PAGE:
Deforestation contributes to climate change - and its associated economic and financial risks - in multiple ways.
Forests are typically carbon sinks, areas that absorb more carbon than they emit, due to the ability of trees and soil to store immense amounts of carbon. However, when forests are felled and burned to free up space for agricultural production, much of that carbon is released as carbon dioxide and other GHG emissions. The agricultural activities that replace forests emit additional GHGs due to livestock grazing and fertilizer use. Finally, deforestation causes changes to local and continental climates because of the way forests drive movements of air, water and heat. In parts of the Amazon, deforestation has already delayed the rainy season by two weeks.
Just as investors are engaging with the largest energy and transportation companies to lower their emissions, they should be doing the same with large food and consumer companies whose massive supply chains for beef, palm oil, soybeans and paper are driving deforestation-related emissions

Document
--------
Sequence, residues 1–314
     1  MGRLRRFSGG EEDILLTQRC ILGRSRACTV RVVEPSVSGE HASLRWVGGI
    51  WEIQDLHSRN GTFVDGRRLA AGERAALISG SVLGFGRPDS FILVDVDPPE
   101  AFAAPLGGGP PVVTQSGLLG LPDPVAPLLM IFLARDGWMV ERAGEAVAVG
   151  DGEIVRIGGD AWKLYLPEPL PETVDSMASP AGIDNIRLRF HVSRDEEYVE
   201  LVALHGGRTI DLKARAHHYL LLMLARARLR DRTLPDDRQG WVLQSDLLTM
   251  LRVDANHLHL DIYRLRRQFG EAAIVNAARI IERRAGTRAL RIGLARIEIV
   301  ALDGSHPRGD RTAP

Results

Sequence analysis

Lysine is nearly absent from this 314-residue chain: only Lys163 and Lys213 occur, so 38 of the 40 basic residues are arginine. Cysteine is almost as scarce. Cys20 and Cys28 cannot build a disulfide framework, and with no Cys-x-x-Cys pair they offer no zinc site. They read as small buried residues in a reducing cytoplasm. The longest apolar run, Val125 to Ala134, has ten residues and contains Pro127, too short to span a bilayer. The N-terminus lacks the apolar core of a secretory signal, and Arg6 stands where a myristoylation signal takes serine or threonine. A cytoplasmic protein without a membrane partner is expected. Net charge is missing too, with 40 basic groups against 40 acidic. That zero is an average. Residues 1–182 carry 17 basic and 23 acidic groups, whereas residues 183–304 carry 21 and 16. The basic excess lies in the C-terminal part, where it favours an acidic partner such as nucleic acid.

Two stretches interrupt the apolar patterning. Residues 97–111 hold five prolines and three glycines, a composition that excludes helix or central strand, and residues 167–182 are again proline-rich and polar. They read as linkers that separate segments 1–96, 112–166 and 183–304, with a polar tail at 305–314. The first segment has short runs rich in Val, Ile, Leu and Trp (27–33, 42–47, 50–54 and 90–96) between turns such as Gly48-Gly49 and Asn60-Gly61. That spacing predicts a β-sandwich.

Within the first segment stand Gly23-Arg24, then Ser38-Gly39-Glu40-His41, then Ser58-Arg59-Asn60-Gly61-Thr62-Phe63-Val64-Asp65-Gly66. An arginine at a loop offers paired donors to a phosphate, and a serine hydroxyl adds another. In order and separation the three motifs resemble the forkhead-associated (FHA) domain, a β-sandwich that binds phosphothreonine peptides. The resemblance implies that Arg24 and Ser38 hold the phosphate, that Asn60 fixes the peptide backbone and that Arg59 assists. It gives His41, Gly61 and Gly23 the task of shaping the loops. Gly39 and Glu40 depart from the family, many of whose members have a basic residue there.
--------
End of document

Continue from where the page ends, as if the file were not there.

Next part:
These negative consequences of deforestation pose material financial risks to investors. As the world begins to shift towards a net-zero emissions economy, companies that do not eliminate deforestation from their supply chains will face reduced market access, reputational risks and even legal sanctions due to increasingly stringent policies, regulations and investor expectations. Additionally, the physical effects of climate change will disrupt supply chains and increase production costs. These risks are especially severe for companies sourcing agricultural products - the very companies mostly likely to have deforestation in their supply chains.